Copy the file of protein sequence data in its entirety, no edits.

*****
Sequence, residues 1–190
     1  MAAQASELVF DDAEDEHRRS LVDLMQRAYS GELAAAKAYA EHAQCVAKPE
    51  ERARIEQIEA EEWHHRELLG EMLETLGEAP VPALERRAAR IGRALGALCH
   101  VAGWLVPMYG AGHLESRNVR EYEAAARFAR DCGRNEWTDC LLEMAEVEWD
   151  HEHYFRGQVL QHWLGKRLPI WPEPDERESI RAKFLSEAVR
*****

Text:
Sequence, residues 1–190
     1  MAAQASELVF DDAEDEHRRS LVDLMQRAYS GELAAAKAYA EHAQCVAKPE
    51  ERARIEQIEA EEWHHRELLG EMLETLGEAP VPALERRAAR IGRALGALCH
   101  VAGWLVPMYG AGHLESRNVR EYEAAARFAR DCGRNEWTDC LLEMAEVEWD
   151  HEHYFRGQVL QHWLGKRLPI WPEPDERESI RAKFLSEAVR